Three years on, the UK Government is still ‘’dragging its feet’’ about banning gay conversion therapy.

24 June 2021

For two weeks during Pride month, Kingsley Napley are publishing a series of blogs to celebrate Pride and highlight LGBTQ+ issues from home and abroad.

 

Following on from my colleague Sameena Munir’s blog ‘’pray the gay away: cull conversion therapy worldwide’’, the issue of gay conversion therapy dominates contemporary conversations surrounding LGBT politics and legislation in the UK, but the Government has failed to deliver on its promise to ban it.

Conversion therapy is the widely condemned and often cruel torture that many LGBTQ+ people have been subject to, in an attempt to change their sexual orientation, gender identity or gender expression. ILGA World, an international LGBT organisation, has reported that throughout the last century, medical practitioners worldwide have continued to impose ‘’brutal and inhumane techniques’’, such as medical experimentation, castration, chemical and electroshock treatments and even corrective rape, to name just a few, as a means to ‘cure’ homosexuality. This manner of experimentation and abuse has been protected under the legitimising cloak of medicine, psychology and science, and further justified on the grounds of religion, culture, and even compassion.

The damaging and destructive effects of these experiments are hardly surprising - research has found that young LGBT people victim to conversion therapy are more likely to develop mental health issues, such as depression, anxiety, self-harm, and shockingly, are eight times more likely to attempt suicide, than those who are accepted for their sexuality and gender identity.

Current Political Situation:

In 2018, Theresa May’s government pledged to end archaic and abusive therapeutic practices in the UK, yet nothing has changed three years on. The current Prime Minister, Boris Johnson, has reiterated his predecessor’s concerns that the practice is ‘’abhorrent’’, but has failed to offer any further legislative proposals or public recognition of the issues LGBT people are facing on account of this method of treatment, thereby creating a ‘hostile environment’ for the community. Three key figures on the Government’s LGBT advisory panel, including Jayne Ozanne, quit earlier this year ‘’due to the Government's persistent and worsening hostility towards our community’’.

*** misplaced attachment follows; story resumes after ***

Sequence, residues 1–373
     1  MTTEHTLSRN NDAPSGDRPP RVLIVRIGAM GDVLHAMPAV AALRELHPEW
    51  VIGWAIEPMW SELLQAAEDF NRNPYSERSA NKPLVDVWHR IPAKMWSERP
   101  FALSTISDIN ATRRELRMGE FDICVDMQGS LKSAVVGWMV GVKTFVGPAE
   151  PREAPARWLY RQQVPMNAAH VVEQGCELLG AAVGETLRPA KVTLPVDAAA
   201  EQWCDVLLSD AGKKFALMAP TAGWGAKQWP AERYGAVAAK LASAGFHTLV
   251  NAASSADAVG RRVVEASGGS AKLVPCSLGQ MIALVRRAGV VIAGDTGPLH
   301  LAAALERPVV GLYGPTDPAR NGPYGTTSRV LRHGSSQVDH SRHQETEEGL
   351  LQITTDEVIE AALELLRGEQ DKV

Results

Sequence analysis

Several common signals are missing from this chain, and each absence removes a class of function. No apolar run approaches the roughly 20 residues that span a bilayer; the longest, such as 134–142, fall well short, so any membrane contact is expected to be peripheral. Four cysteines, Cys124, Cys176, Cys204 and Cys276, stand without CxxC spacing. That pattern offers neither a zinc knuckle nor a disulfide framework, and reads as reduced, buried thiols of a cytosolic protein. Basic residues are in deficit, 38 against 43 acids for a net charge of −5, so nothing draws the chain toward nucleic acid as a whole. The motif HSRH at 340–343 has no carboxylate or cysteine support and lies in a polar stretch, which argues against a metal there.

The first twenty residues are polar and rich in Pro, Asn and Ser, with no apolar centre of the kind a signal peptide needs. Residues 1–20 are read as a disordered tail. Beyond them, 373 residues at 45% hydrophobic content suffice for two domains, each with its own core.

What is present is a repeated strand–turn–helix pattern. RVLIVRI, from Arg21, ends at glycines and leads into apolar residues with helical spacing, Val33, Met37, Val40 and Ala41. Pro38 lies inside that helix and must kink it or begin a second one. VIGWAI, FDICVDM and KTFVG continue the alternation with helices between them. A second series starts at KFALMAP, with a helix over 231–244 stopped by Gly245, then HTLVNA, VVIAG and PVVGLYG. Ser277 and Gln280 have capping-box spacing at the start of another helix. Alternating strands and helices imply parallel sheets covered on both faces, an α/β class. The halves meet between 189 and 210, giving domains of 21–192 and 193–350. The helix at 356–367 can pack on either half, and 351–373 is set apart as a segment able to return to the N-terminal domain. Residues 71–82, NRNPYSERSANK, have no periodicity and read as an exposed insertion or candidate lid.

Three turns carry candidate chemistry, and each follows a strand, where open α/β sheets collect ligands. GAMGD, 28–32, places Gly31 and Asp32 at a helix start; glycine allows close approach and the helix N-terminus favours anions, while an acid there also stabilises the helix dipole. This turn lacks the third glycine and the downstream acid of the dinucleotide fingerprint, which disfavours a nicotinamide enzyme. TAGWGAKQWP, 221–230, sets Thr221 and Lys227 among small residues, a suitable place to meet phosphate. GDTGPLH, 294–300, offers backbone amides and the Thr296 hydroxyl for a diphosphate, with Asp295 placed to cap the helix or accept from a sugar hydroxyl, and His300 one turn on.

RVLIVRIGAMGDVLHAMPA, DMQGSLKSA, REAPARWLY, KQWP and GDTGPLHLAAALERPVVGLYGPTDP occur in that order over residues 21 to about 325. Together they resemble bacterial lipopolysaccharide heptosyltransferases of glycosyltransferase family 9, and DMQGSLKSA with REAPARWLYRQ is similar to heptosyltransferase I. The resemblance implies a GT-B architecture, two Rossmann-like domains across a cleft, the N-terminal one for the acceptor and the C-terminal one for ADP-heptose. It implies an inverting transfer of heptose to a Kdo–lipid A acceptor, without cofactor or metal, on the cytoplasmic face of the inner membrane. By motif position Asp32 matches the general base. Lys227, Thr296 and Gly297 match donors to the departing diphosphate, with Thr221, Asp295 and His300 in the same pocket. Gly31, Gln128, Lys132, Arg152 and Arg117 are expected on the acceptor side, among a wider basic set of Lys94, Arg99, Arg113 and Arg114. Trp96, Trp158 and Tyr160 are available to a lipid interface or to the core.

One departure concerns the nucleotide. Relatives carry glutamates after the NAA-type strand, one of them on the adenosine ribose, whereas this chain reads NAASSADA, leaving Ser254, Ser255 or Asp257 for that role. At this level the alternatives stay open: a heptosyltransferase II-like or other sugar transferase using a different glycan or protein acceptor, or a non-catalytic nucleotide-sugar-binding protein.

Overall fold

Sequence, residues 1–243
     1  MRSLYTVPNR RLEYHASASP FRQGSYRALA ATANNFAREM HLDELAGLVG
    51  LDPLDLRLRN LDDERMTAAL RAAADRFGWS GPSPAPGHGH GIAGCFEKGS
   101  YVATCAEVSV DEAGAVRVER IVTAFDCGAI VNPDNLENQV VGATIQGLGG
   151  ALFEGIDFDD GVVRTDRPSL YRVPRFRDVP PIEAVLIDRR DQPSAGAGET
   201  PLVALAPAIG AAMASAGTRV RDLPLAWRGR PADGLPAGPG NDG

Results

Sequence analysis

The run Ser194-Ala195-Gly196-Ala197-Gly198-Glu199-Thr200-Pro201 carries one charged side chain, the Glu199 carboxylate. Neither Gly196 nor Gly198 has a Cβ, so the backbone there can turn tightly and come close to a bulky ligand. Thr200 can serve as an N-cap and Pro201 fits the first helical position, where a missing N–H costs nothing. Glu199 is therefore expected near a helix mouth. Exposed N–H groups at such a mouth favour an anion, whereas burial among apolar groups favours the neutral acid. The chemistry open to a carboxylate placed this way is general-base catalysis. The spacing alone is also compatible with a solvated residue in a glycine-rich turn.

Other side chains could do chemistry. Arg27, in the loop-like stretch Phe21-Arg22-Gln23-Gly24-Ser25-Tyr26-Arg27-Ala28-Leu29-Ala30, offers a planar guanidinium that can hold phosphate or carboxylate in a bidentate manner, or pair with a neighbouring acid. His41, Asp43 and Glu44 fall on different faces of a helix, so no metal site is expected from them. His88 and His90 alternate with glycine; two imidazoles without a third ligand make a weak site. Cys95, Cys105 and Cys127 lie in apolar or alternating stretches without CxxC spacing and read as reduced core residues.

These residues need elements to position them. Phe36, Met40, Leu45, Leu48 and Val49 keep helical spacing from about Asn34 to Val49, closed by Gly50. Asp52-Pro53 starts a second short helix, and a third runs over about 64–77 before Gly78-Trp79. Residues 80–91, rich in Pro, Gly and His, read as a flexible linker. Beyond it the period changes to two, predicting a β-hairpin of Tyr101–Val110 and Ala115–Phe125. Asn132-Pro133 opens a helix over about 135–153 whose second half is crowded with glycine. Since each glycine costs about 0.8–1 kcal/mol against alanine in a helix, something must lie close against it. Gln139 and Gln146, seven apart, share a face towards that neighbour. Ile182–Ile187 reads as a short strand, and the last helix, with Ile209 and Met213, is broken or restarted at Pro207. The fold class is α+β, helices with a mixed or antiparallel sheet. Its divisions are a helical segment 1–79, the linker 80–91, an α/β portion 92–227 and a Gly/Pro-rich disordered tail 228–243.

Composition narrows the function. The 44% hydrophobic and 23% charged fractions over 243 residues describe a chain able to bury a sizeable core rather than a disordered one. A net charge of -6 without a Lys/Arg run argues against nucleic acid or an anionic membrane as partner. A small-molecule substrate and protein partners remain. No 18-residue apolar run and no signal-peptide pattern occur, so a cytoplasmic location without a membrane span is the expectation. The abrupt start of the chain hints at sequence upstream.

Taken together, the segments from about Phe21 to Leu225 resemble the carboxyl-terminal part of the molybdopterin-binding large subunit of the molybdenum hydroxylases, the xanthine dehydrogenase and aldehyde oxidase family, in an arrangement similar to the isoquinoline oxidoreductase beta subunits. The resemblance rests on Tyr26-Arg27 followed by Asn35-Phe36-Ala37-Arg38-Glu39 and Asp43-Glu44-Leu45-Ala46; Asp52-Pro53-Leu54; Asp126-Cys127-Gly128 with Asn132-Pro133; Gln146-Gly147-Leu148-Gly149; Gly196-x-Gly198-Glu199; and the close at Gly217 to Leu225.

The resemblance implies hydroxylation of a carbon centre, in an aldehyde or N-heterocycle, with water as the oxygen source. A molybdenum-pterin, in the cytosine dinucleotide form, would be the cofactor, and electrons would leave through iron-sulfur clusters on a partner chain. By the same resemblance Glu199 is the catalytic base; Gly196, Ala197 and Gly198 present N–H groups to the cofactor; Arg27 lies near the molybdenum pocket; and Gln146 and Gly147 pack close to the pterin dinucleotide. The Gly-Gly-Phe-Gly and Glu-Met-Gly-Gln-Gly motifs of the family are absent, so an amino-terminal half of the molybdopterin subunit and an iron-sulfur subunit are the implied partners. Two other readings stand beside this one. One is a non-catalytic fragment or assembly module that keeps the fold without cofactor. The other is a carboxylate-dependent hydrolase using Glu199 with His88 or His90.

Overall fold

In March of this year, representatives from eight political parties wrote to the Equalities Minister demanding a ban on conversion therapy, in the biggest display of unity on a LGBT+ issue in Parliament’s history. However, the Minister for Equalities Kemi Badenoch’s response has been slammed as “disappointingly weak, vague and unempathetic", as she actively avoided using the word ‘ban’ in her statements, preferring the ambiguity offered by ‘end’. This has engineered much criticism from the LGBT community, as it appears that the Government cannot even bring itself to say ‘ban conversion therapy’, let alone develop the legislative infrastructure necessary to implement it.

On a brighter note, Northern Ireland has become the first UK nation to vote in favour of banning this injurious practice, which Stonewall has considered to be ‘’a powerful move forward for a full legal ban on conversion therapy’’. Despite the practice receiving cross-party recognition as ‘’humiliating and harmful’’, the DUP, the largest party in Stormont, has pledged to veto the ban unless there are ‘robust protections for churches’.  Some may say that the DUP adopting a socially regressive and oppositional stance against positive social change comes as no surprise. However, it does emerge as a source of concern in cementing the perception that the UK as a whole is ‘’dragging its feet in the water’’ about the ban on conversion therapy, particularly if it is in defence of a steadily declining church in an increasingly tolerant society. 

Global Context of Conversion Therapy:

That said, there are grounds for much optimism and celebration. Bans on conversion therapy are increasingly recognised in laws across the world, with several countries implementing direct legislation, be it on national or regional levels, curbing the practice. National laws prohibiting conversion therapy are recognised in Brazil, Ecuador, Germany and Malta, with regional bans in the US, Canada, Australia and Spain.

There are also five countries – Argentina, Uruguay, Samoa, Fiji and Nauru – which have indirect bans.

The UK already has a fairly robust legislative infrastructure to protect LGBT people from violence and discrimination, and in many respects is an international leader of LGBT equality. The hope exists that this Pride month, the UK Government will be inspired to take more steps in  fulfilling its promise to protect and embrace this vibrant, loving and dynamic community, by providing the legislative safeguards so desperately needed to ban conversion therapy and work towards complete acceptance.

ABOUT THE AUTHOR 

Úna Campbell is a legal apprentice in the Real Estate and Construction team at Kingsley Napley.
 
Úna was the inaugural winner of The Legal Apprentice in 2019, a competition run by Kingsley Napley in association with The Times in which 902 teams from 308 schools and colleges across the UK competed against each other through a series of heats testing pupils’ drafting, negotiation and interpersonal skills.

 

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